New customers, pipeline growth, and team growth caused a dramatic increase in the company’s value. Undoubtedly, the software improved during that year, but much of that improvement was because of customer and prospect feedback. The new chip manufacturer thought the company was worth 267% compared to the previous suitor.

According to the Exit Planning Institute, 76 percent of business owners who sold their businesses profoundly regretted selling within a year. I contend that this is because they agreed to a Shark Tank deal which devalued their company. I think most feel they didn’t get the value out of the company they spent years, decades, or maybe a lifetime building. The solution is to have such a great sales engine that the buyer is begging you to take the offer. Small business owners need to build a sales engine that is so strong that multiple offers are coming in to buy the company. For a while in the US after COVID-19, selling a home commanded over-asking-price offers all over the nation. This seller’s market is the environment you need to create for your company if you want to exit the company in the next 3-5 years.

I help company owners realize the maximum value of their company by improving their revenue generation capability. ​​I help owners enhance their sales management, methodologies, processes, teams, and messaging to accomplish this. Reach out to me so that I can help you maximize your company’s value the way I helped my former client.

Header image by Paul Loh
Determining Your Company’s Sales Objectives Each Year

Determining Your Company’s Sales Objectives Each Year

As a company owner, one of the most important aspects of running a successful business is setting and achieving sales objectives. But how do you determine what those objectives should be? Here’s a step-by-step guide to help you set realistic and achievable sales goals for your business.

Sales objectives are goals a company sets for its sales team to achieve over a certain period. These objectives can be anything from increasing revenue by a certain percentage to selling a certain number of products or services. Sales objectives should be set annually, but they can also be set for shorter periods such as quarters or months.

Let’s talk about the basic steps first.

  1. Define your overall goal.
  2. Break down your overall goal into smaller, more manageable goals.
  3. Create a timeline for each goal.
  4. Assign responsibility for each goal to a specific team member or department.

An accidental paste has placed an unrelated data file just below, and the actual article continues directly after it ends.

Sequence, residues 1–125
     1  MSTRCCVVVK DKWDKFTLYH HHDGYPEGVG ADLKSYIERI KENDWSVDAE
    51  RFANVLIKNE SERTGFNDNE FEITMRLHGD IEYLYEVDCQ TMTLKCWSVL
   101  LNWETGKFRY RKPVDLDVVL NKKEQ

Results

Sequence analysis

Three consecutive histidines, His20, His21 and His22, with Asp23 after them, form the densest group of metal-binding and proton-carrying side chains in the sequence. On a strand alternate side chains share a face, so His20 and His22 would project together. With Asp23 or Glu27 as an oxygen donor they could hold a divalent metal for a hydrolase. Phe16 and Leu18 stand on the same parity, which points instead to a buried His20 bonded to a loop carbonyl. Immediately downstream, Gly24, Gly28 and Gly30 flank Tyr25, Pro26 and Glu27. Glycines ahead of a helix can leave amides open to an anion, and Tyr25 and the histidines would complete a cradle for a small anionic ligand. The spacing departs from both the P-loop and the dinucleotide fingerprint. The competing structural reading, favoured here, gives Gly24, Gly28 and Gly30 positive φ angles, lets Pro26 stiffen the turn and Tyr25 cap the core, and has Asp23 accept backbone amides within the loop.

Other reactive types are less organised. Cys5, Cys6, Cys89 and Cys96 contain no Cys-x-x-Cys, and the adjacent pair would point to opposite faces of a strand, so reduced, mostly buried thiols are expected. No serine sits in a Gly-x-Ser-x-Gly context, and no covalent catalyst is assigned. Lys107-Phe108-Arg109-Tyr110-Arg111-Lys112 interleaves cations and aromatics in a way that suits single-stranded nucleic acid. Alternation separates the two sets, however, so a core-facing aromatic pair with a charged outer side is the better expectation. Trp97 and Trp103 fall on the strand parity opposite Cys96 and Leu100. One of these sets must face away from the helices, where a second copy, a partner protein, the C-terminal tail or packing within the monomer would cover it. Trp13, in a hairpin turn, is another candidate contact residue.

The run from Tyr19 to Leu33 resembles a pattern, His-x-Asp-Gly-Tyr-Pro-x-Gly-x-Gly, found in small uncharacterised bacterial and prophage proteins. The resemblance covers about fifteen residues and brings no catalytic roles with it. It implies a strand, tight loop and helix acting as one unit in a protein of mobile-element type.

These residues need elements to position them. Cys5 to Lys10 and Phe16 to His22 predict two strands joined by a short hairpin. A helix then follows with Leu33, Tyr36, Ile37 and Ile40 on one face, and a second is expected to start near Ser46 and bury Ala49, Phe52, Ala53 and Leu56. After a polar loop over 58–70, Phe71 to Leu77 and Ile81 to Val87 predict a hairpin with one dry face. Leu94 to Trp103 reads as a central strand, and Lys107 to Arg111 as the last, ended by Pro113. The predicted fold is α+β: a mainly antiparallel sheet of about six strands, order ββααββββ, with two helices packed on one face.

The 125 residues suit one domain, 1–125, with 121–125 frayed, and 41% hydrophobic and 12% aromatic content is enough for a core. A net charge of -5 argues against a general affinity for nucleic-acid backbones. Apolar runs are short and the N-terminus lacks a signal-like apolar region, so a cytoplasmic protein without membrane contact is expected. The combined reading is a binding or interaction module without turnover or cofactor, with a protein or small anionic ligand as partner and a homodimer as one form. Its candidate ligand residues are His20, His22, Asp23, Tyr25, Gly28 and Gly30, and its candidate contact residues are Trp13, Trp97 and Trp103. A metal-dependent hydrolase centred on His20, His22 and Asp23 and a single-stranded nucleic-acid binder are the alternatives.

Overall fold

5. Measure progress and revise objectives as needed.
  6. Celebrate accomplishments and learn from failures.
  7. Define your overall goal.

Sales goals are essential for any company regardless of size. They give you a target to aim for and help to motivate your sales team. Without a goal, getting complacent and falling into bad habits is easy.

It’s essential to clearly understand your company’s sales process before setting a goal. You need to know your closing rate, average deal size, and how many leads you need to generate to hit your target. Once you have this information, you can start to play around with different numbers to see what’s realistic.

(more…)
CEO Workshop: Drive Revenue During A Crisis

CEO Workshop: Drive Revenue During A Crisis

The global pandemic has caused crisis after crisis to hit US companies. These crises include:

  • global supply chain problems affecting worldwide shipping
  • increased prices due to the shortage of components or subassemblies
  • labor shortages

To assist our clients, Sean O’Shaughnessey and Kevin Lawson teamed up to create the following webinar. The webinar originally aired on January 13, 2022.

The following is a transcript of the webinar video above. It has been sparsely edited to increase its readability, but many of the idioms and poor spoken grammar have been left in place. The transcription was automatically generated by Sonix.ai and, as capable as that product is, there are times when words are missed or sentence structure was incorrectly interpreted. We have tried to catch all of these software misses, but we are confident that some still remain. The below text is provided for those that would rather read than watch a video.

(more…)